Myth: Cutting carbohydrates helps you lose weight
Scaling back carbs in the wrong way can also make you feel rotten and unhealthy. Carbs are to this decade what fats were to the last: food demons. Truth is, though, you need them for energy. And, like with fats, some are better than others. Experts suggest a minimum of 130 grams of carbs a day -- a far cry from low-carb diets that start with 20 grams or less. Short-term effects of such diets include fatigue, constipation and irritability; long term, you could be putting yourself at risk for heart disease and colon cancer.
Fad diets aside, what may matter most is how refined the carbohydrates are. The best idea is to cut back on refined carbs such as soda and foods made with white flour, while loading up on healthier carbs like whole grains, fruits and vegetables.
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Myth: Diet foods help you drop pounds
They can actually do the opposite. You may be doing yourself more harm than good by scanning labels for the lowest calorie and fat counts. Prepackaged diet foods can have a lot of sugar and trans fat.
As with carbs, it’s the quality of the fat, not the amount that makes the difference. Monounsaturated fats (found in nuts, olive oil and avocados) and the polyunsaturated variety (in corn, soybean and safflower oils) help your cardiovascular system, improve weight loss and are crucial for absorbing beta carotene from vegetables like carrots. Trans fats and saturated fats, on the other hand, have been linked with heart disease and even cancer.
A recent study found that replacing just 30 calories of carbs a day with the same amount of trans fats nearly doubled the risk of heart disease. Replacing the same ratio of carbs with monounsaturated or polyunsaturated fats, on the other hand, lowered the risk of heart disease by 30 to 40 percent. So consider boosting your good fats by adding nuts to your morning cereal or avocado to your salads. Just watch your daily calories to keep them in check.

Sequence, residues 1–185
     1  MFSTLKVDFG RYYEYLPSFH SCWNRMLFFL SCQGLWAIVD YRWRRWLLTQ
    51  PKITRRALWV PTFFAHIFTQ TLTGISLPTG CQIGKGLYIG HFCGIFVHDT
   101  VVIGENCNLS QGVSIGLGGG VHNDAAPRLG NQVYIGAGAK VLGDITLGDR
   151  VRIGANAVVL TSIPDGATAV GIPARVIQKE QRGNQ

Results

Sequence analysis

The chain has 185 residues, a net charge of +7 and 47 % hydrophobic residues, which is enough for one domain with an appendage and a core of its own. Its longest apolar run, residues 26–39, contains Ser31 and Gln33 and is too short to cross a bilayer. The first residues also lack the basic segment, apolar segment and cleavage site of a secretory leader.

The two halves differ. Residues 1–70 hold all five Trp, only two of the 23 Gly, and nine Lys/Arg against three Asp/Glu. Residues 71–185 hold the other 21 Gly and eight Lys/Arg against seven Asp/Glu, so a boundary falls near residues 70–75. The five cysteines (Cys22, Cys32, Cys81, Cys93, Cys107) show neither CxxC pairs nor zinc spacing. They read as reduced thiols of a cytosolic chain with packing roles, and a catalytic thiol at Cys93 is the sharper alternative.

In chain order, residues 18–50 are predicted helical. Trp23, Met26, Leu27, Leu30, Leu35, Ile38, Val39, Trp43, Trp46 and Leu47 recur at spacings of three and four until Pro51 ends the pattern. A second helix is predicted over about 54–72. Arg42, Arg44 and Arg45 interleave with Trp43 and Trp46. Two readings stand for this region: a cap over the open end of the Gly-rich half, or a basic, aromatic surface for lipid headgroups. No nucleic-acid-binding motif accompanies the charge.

Myth: The more you cut calories, the more weight you’ll lose
That can actually hurt you. Cut your calories too far -- below 1,200 a day -- and you’ll end up with a double whammy: decreased metabolism and muscle mass. To get the most out of the calories you do eat, choose whole foods such as produce, fresh meat and fish, and whole grains that are as close to their natural state as possible. They have a higher “nutrient density” than refined foods, because they pack more vitamins and minerals into fewer calories.
Myth: Dairy makes you fat
Cutting dairy just shoots you in the foot (and fat cells). Combined with calorie control, a dairy-rich diet can nearly double body-fat reduction and weight loss and help prevent weight gain. Part of the reason is the hormone calcitriol, which helps conserve calcium for stronger bones while telling fat cells to convert less sugar to fat and burn more body fat. The result is leaner fat cells and a leaner you. Stick to the government’s latest dietary guidelines, which recommend up to three servings of low- or nonfat dairy a day.
Myth: Brown equals whole-grain
There are lots of whole-grain poseurs out there. Look for labels where “whole-wheat” or “whole-grain” top the list. It’s worth the extra effort: More and more research is finding that whole grains reduce your risk of many chronic ailments, from obesity and diabetes to cardiovascular disease. The extra fiber in whole grains is key: It makes you feel full, which means you eat less. It also helps level out the peaks and valleys of insulin that a meal produces. An added boost: Whole-grain foods tend to be higher in vitamins B and E than refined grains.